14.
Medical Education ; : 429-434, 2000.
Article in English | WPRIM | ID: wpr-369742

ABSTRACT

<B>Objective:</B> To identify the usefulness of critical-incident reports for reflective learning and for classifying the types of experiences that medical students regarded most memorable during clinical clerkship at general medical ward and clinic.<BR><B>Design:</B> Descriptive qualitative study using the critical-incident technique.<BR><B>Setting:</B> General medical ward and clinic of a university hospital.<BR><B>Participants:</B> Fifth-year medical students that took part in the clinical care of patients during the clerkship from October 1, 1996 to September 31, 1997.<BR><B>Measurements and Main Results:</B> Ninety-five reports were collected over one year and subjected to the analysis. Reports were classified for seven major themes, with a mean of 1.85 themes per narrative. As for the distribution of themes, 68 reports (72%) dealt with biomedical topics, 45 (47%) with communication with patients and families, 26 (27%) with personal feelings, 19 (20%) with the physician's role, 11 (12%) with ethics, 7 (7%) with psychosocial subjects, and 1 (1%) with recognition of alternative medicine. Reports from men and women contained a similar mean number (men 1.82; women 2.09) and distribution of themes.<BR><B>Conclusions:</B> Medical students have divergent meaningful experiences on non-biomedical themes as well as biomedical issues during their general medicine rotation.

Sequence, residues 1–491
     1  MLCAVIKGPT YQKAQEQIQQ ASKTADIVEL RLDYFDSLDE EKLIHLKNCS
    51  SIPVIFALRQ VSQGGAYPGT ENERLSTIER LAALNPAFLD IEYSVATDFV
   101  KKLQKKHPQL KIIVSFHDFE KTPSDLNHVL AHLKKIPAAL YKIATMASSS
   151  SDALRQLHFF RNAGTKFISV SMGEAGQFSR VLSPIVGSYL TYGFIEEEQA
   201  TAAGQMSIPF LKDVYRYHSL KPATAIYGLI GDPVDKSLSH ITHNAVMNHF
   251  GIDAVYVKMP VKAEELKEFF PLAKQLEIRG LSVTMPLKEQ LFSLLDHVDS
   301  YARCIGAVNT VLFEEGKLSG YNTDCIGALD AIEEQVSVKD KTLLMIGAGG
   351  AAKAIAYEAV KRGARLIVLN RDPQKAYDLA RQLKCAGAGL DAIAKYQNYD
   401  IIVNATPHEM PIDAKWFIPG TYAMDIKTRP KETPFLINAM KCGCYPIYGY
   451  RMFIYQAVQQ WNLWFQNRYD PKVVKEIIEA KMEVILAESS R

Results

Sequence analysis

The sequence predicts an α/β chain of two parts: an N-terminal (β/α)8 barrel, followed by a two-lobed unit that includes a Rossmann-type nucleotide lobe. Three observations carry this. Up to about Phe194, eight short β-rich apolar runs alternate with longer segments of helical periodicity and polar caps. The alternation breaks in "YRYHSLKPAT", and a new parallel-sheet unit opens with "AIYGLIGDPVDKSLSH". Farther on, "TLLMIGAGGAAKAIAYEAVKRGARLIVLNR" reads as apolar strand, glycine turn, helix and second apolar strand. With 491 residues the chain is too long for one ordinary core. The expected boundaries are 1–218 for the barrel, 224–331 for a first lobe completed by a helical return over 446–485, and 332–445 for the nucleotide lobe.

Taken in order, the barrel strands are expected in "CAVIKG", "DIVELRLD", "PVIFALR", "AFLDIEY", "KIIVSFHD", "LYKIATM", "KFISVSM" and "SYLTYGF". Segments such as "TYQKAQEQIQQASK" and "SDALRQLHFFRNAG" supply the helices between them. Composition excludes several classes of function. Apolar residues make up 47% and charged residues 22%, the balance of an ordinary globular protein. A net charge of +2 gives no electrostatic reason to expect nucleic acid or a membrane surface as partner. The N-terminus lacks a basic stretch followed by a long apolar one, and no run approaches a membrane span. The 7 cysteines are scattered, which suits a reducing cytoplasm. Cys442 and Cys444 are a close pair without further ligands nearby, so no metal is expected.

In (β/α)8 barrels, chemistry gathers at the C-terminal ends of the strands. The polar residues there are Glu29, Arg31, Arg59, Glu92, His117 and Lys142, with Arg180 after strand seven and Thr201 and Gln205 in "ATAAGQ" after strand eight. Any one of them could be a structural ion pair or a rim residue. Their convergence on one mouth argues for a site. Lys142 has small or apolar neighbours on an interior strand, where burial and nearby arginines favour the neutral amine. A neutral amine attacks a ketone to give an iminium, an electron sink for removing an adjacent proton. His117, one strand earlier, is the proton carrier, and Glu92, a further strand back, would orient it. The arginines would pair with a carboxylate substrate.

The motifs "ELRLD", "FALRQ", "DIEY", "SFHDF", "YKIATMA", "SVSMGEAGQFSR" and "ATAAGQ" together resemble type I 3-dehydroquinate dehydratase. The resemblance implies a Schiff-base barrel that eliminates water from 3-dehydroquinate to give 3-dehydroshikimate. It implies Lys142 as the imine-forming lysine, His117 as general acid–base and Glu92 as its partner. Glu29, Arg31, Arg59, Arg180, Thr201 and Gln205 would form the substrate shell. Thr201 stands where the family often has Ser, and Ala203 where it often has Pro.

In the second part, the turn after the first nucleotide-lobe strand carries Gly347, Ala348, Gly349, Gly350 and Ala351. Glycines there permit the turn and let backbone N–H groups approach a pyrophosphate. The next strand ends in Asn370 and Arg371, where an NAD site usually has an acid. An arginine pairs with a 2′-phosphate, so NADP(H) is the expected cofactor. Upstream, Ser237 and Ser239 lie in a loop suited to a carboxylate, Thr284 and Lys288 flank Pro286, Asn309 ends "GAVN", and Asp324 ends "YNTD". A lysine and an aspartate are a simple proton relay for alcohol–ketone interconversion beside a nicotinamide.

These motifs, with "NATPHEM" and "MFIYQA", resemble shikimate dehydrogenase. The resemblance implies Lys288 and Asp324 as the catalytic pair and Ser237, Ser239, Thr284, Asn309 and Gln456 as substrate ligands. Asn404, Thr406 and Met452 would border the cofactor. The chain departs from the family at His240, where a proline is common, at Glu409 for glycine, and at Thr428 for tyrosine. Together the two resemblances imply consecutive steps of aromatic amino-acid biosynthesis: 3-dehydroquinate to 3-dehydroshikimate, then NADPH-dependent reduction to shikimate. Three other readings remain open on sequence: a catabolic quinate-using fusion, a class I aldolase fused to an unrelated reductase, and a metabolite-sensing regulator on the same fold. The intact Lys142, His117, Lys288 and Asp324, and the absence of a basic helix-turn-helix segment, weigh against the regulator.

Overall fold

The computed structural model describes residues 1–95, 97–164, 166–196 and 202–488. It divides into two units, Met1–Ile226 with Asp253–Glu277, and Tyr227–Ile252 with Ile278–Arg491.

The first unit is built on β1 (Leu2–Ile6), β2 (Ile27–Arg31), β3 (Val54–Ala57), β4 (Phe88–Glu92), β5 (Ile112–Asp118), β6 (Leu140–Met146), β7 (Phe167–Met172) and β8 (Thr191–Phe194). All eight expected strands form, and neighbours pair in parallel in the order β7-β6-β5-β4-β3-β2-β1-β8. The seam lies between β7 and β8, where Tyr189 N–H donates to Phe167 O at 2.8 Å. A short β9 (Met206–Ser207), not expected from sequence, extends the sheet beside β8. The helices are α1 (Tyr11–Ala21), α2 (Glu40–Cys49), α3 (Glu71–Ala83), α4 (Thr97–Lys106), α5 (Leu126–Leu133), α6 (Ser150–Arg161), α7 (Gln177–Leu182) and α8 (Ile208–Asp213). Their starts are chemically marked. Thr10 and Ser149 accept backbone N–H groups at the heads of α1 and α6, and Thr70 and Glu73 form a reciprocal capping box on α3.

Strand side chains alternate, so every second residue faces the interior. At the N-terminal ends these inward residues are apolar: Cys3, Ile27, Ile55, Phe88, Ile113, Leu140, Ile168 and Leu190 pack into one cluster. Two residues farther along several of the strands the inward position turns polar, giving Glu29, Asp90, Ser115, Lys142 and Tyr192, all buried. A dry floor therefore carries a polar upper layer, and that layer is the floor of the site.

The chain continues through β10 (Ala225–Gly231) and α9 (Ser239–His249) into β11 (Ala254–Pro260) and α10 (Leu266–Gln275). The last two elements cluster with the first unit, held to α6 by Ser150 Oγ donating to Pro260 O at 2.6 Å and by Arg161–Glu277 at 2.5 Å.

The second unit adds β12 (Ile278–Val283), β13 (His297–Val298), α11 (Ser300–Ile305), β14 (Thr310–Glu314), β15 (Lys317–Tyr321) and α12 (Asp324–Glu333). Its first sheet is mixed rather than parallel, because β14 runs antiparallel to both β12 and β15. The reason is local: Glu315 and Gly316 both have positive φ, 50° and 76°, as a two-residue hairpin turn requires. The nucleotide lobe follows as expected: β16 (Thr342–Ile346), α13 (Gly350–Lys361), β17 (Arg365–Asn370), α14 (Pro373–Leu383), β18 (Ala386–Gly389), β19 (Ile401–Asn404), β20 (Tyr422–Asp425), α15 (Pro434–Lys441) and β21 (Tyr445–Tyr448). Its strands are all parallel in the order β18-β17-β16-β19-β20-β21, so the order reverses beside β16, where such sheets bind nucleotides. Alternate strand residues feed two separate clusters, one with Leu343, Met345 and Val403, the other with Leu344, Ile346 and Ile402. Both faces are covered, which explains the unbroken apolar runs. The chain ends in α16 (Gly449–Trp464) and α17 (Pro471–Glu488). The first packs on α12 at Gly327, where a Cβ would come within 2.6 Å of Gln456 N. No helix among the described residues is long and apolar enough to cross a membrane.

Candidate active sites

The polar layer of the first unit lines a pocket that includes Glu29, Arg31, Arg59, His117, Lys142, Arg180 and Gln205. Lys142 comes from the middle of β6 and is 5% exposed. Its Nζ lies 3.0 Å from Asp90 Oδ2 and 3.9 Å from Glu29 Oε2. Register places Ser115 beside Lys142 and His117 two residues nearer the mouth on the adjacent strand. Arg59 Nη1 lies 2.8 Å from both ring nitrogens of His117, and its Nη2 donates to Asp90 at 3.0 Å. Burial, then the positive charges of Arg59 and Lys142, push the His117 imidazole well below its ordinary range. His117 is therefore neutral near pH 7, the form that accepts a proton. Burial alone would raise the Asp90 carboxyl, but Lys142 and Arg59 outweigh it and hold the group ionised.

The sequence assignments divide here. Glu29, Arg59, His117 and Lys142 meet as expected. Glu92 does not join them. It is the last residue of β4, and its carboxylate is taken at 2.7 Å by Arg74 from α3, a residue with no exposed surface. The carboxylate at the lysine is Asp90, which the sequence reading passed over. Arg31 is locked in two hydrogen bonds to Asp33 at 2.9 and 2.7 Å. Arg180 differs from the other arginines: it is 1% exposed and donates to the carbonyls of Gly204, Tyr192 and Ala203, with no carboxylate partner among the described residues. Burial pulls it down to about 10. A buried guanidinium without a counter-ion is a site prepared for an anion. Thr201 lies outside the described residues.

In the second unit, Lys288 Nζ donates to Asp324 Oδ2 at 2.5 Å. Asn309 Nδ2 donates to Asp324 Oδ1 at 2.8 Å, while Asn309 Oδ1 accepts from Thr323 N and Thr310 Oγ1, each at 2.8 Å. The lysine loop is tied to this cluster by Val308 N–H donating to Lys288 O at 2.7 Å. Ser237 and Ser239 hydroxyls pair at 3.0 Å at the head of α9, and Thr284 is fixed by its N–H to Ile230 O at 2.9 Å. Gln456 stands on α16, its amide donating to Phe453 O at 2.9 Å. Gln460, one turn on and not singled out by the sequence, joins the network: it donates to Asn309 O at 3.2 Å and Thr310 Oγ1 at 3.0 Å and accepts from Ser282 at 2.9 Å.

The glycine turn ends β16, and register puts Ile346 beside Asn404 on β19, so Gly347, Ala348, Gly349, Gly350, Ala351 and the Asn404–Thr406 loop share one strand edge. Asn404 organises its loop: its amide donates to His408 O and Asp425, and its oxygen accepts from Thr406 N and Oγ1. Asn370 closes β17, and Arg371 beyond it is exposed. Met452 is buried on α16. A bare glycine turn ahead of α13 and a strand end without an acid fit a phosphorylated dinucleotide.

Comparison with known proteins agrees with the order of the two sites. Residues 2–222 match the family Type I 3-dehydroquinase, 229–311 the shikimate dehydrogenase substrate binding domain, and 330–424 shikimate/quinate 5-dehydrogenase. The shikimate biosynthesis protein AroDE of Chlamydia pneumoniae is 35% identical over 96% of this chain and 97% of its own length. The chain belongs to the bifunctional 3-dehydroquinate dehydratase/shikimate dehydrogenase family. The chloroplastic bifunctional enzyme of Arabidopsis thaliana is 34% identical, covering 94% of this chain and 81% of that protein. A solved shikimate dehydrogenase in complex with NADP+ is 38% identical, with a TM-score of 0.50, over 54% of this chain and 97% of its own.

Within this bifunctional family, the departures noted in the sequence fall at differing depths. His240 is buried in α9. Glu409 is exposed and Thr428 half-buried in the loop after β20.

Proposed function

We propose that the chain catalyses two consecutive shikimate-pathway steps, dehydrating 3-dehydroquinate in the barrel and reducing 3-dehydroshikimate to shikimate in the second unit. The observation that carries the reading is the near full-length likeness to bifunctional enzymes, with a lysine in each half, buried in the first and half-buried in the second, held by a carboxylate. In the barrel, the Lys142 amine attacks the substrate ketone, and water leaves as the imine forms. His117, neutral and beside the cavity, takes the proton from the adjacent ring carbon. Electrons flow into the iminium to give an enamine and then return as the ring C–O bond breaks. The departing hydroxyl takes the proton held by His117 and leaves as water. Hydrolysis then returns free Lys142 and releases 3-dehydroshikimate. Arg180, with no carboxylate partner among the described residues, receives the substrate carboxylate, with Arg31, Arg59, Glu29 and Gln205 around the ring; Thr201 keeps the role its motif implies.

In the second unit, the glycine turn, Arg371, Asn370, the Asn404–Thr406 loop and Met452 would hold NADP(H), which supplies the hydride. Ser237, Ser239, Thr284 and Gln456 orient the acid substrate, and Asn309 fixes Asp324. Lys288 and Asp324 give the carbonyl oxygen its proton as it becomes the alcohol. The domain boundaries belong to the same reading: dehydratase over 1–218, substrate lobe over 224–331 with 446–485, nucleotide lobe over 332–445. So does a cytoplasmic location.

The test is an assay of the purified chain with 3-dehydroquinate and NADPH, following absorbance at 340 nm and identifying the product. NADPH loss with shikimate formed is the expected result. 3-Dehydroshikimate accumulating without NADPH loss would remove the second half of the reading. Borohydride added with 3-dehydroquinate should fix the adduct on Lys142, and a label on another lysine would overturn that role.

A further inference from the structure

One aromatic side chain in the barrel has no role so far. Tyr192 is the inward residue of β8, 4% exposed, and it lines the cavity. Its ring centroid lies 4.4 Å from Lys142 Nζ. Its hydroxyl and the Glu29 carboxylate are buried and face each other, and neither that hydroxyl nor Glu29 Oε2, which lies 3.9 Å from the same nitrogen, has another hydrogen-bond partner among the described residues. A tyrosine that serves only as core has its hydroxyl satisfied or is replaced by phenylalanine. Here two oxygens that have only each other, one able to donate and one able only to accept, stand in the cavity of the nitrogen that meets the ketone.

15.
Medical Education ; : 73-77, 1998.
Article in Japanese | WPRIM | ID: wpr-369598

ABSTRACT

Clinical Epidemiology has been increasingly recognized as a basic science of clinical medicine as well as a prerequisite discipline necessary in practicing evidence-based medicine. However, no formal curriculum has been formulated for teaching clinical epidemiology to undergraduate medical students in Japan.<BR>We, as the Education on Clinical Epidemiology Working Group of Japan Society for Medical Education, here propose a curriculum of clinical epidemiology consisting of 15 sessions of 90 minute lectures, small group discussions, and practice. Learning such basic concepts as study design, bias, chance, and confounding factors is to be followed by case-based discussions and practicing on-line reference retrieval using MEDLINE. Our proposal awaits further refinement after its implementation at ambitious medical schools.